How to gather the information you need?

There are simply a few locations to look for information that is important to archaeology:

  1. The literature of typical ethnographic research
  2. Early tourist accounts that have been published
  3. Material culture collections held in museums
  4. Research studies
  5. Direct archaeological and ethnographic research

3 Primary Uses of Ethnographic data:

  1. The analogy from ethnography
  2. The construction of models or hypotheses
  3. The examination of hypotheses

Limitations in ethnographic research

Variations in artefact shape and details of spatial interactions between socioeconomic activity traces and disposal processes are typical ethnographic components.- the interaction of subsistence and craft activities with settlement organisation.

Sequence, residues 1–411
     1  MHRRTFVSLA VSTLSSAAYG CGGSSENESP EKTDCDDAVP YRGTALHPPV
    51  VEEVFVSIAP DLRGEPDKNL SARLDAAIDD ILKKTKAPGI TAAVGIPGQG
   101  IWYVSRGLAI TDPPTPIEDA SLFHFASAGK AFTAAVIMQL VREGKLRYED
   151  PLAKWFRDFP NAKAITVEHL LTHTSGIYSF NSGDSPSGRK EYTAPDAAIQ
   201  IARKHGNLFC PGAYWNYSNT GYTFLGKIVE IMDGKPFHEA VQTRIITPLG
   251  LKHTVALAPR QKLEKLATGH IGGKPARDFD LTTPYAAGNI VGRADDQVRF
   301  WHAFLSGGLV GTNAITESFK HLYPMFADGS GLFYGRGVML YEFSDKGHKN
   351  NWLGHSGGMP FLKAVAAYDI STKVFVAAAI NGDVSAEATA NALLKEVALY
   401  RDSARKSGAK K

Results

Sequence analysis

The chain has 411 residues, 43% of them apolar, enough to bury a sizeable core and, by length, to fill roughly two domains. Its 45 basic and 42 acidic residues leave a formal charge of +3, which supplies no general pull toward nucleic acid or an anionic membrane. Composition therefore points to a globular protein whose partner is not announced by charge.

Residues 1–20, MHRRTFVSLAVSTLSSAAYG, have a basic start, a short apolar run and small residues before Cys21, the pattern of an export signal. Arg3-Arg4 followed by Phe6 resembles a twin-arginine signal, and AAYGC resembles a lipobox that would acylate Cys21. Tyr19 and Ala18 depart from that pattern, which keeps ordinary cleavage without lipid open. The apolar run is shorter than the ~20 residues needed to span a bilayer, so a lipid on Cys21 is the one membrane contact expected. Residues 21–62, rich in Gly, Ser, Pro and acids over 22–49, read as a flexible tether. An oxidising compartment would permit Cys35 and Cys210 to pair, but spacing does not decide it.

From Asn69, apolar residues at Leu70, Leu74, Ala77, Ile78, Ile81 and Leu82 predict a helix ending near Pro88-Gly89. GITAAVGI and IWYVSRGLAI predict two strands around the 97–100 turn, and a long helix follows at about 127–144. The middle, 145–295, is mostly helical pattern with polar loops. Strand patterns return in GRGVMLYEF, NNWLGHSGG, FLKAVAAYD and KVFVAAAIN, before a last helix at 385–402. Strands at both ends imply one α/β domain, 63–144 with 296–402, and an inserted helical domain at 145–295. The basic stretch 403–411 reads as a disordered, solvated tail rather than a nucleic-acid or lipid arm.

This brings us to the conclusion that ethnoarchaeology has been characterised here as a loosely linked but logically related corpus of archaeological and ethnographic study. When something is dubbed “ethnoarchaeology,” it refers to specialised archaeological, ethnographic research where information is obtained for analogy purposes. When anthropological data from written sources, museums, or AE studies is used to construct hypotheses or models, or when it is compared with archaeological evidence to serve as an analogue, the word “using” is applied. Each has a matching theoretical and methodological framework, but when combined, they represent the field of study known as ethnoarchaeology.